Stocks keep climbing even as manufacturing softens
NEW YORK – Investors nudged the stock market to all-time highs Wednesday despite a handful of disappointing economic reports.
Google’s stock topped $900 for the first time after the company announced several upgrades to its Android software for smartphones, and Macy’s rose after beatings Wall Street’s profit estimates. Apple fell, holding back the Nasdaq composite index.
The market got off to a weak start, then turned higher in late morning trading. Investors shrugged off a slowdown in manufacturing last month. More signs of slack in the U.S. economy, the thinking goes, means the Federal Reserve will keep pumping money into financial markets.
Terry Sandven, chief equity strategist at U.S. Bank’s wealth management group, said most investors have come to expect choppy economic growth, so they take mildly disappointing reports in stride. With companies reporting rising earnings and few appealing alternatives, he sees no reason to sell stocks.
“It’s a good backdrop for the market to trend higher,” Sandven said.
The Dow Jones industrial average rose 60.44 points to close at 15,275.69, an increase of 0.4 percent.
The Standard & Poor’s 500 index gained 8.44 points to 1,658.78, up 0.4 percent. Both closed at all-time highs.
Google gained 3 percent as the online search company unveiled a music streaming service and upgraded features for Google Maps. Google rose $28.79 to $915.89, a gain of 3 percent. It’s up 50 percent over the past year.
News of slowing manufacturing in the U.S. and a widespread slowdown in Europe weighed on financial markets in early trading. The Federal Reserve said that U.S. factories cut back sharply on production in April, as automakers produced fewer cars and most other industries scaled back. But the stock market recovered by midday.
“Yes, we’re at all-time highs, but valuations are still attractive,” Sandven said. The S&P 500 is trading at 15 times earnings for 2013, in line with the historical average of the closely watched price-to-earnings ratio.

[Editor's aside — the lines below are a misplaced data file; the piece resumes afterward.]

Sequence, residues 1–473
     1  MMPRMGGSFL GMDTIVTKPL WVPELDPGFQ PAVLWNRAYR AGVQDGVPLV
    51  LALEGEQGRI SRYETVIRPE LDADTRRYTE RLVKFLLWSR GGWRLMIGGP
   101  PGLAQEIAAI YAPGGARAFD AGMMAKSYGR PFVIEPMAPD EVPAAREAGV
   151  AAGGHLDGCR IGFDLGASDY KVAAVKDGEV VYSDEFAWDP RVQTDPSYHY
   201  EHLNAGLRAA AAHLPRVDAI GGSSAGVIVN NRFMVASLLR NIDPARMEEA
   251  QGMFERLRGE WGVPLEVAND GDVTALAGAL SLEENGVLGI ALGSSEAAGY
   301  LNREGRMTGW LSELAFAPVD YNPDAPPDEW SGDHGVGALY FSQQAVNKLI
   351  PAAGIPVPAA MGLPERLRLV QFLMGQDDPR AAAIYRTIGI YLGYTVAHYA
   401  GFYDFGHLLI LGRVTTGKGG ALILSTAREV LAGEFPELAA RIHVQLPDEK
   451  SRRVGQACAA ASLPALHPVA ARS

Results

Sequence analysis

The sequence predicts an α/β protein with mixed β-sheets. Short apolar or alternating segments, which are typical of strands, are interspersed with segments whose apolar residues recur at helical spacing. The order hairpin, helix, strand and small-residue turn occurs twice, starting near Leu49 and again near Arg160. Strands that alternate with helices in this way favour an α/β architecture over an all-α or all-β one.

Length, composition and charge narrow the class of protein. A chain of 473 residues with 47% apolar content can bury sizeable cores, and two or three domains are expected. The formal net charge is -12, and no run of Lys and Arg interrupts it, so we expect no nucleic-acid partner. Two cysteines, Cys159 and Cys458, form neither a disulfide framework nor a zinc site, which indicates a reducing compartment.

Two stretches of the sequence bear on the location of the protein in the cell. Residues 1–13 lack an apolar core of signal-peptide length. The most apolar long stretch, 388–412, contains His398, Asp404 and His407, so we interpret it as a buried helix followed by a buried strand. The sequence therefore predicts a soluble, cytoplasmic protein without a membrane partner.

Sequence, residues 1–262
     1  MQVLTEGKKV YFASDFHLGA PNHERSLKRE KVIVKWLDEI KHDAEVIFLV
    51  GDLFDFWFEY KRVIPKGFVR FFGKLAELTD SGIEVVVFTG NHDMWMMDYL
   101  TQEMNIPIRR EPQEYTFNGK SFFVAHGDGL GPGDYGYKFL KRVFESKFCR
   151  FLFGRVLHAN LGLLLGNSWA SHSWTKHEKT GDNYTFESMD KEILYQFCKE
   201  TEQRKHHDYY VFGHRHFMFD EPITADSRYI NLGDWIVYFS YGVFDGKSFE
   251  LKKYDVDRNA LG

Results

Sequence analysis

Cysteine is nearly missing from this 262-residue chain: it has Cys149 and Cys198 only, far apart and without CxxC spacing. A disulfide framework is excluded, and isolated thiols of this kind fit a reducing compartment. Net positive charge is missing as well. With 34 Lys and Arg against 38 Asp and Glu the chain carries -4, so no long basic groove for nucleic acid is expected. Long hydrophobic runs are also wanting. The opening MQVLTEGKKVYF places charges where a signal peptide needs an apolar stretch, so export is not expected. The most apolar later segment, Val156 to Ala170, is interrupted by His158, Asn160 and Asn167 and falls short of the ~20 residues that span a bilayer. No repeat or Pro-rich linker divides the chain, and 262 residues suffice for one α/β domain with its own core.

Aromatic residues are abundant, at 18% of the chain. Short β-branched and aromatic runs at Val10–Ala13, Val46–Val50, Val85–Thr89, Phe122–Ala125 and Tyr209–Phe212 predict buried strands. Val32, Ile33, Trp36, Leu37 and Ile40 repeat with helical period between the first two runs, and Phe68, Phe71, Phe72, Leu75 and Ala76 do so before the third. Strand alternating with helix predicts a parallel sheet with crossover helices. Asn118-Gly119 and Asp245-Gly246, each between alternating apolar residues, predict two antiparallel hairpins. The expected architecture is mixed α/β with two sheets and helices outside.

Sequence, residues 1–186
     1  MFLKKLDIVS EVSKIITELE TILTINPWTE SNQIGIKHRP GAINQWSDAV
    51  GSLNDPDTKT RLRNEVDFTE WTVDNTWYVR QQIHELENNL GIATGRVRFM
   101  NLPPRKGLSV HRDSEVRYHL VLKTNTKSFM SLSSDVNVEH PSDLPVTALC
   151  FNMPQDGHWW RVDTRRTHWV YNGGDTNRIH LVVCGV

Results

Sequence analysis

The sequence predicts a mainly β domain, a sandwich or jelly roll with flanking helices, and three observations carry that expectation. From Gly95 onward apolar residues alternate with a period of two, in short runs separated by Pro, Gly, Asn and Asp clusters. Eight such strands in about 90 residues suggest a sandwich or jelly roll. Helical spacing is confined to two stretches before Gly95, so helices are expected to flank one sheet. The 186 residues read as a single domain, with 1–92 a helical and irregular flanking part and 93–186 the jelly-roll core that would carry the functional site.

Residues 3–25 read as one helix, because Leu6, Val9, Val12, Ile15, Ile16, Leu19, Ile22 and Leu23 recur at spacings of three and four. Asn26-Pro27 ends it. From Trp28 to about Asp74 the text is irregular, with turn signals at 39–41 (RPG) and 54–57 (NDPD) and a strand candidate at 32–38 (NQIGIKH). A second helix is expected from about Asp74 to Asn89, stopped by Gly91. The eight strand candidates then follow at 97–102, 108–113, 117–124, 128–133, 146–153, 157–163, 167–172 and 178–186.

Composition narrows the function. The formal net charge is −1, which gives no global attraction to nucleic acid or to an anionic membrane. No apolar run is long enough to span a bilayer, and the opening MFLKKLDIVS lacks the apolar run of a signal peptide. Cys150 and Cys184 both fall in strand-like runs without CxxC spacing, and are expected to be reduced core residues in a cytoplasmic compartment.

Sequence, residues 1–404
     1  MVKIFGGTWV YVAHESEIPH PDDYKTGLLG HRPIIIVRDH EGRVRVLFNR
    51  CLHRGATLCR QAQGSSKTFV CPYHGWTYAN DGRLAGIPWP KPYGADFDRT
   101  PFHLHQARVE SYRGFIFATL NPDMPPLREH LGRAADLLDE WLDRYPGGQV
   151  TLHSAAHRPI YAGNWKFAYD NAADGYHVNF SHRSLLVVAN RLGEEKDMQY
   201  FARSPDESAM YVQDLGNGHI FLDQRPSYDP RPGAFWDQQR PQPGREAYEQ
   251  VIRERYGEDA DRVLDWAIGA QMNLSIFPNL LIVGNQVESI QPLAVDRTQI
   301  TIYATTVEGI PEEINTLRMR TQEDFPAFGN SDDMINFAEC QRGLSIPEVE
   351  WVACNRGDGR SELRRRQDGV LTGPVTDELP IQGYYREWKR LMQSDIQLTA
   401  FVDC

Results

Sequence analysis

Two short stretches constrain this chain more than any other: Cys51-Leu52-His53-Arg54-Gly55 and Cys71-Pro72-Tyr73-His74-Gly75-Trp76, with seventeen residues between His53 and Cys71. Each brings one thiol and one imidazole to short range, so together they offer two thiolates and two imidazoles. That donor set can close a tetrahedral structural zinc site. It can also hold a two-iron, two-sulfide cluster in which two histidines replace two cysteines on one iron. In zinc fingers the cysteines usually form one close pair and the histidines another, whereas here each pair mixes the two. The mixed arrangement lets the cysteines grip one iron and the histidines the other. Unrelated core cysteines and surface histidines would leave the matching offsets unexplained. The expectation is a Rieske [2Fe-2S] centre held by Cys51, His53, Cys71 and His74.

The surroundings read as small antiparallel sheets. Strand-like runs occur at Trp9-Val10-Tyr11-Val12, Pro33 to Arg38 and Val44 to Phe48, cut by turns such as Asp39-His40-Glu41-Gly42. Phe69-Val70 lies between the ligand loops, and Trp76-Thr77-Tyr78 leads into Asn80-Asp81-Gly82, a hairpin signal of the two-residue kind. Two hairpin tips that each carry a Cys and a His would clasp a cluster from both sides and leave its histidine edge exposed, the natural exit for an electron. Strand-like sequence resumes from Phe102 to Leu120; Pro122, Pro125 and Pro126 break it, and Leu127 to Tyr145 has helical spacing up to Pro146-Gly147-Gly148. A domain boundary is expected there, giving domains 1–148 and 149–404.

Tepid economic growth also keeps interest rates low, which encourages investors to buy dividend-paying stocks instead. More than four out of every 10 companies in the S&P 500 pay a higher yield in dividends than U.S. government bonds pay in interest, according to Sandven.
In other trading, the Nasdaq composite rose 9.01 points to 3,471.62, a gain of 0.2 percent.
Apple’s stock took a sudden turn lower after reports said that a hedge fund run by the billionaire David Tepper slashed its holdings in the tech company. Apple lost $15.01 to $425.85, a 3 percent drop.
Strong corporate profits have supported the market’s rally this year. Quarterly earnings reached a record in the first quarter, according to S&P Capital IQ, rising 5 percent from the year before. Telecommunication companies have led the way. The S&P is up 16 percent so far in 2013.
Among companies reporting earnings Wednesday, Macy said its profit increased 20 percent. The department-store chain also raised its quarterly dividend by a nickel to 25 cents and announced plans to buy an additional $1.5 billion of its own stock. Macy’s gained 2 percent, or $1.18, to $48.57
In the market for U.S. government bonds, the yield on the 10-year Treasury note slipped to 1.94 percent from 1.98 percent late Tuesday. Traders bought Treasurys, pushing yields down, partially in response to news that France became the latest European country to enter a recession. Of the 17 countries that use the euro, nine of them now have shrinking economies.
The Fed’s bond-buying program has kept interest rates near historically low levels and encouraged investors to shift money into riskier assets, like stocks. The Fed buys $85 billion worth of bonds every month.
Among other companies in the news:
• Deere & Co. fell 4 percent. The company, which makes farm and construction equipment, reported earnings that beat analysts’ expectations but also warned that cool spring temperatures and tepid demand for its products will slow down its sales this year. Deere’s stock lost $4.13 to $89.64.
• Computer Sciences dropped 10 percent, the biggest loss in the S&P 500. The information technology company turned in much weaker revenue than analysts had expected. Sales of the company’s services to businesses and local governments slumped. Computer Sciences lost $4.78 to $44.71.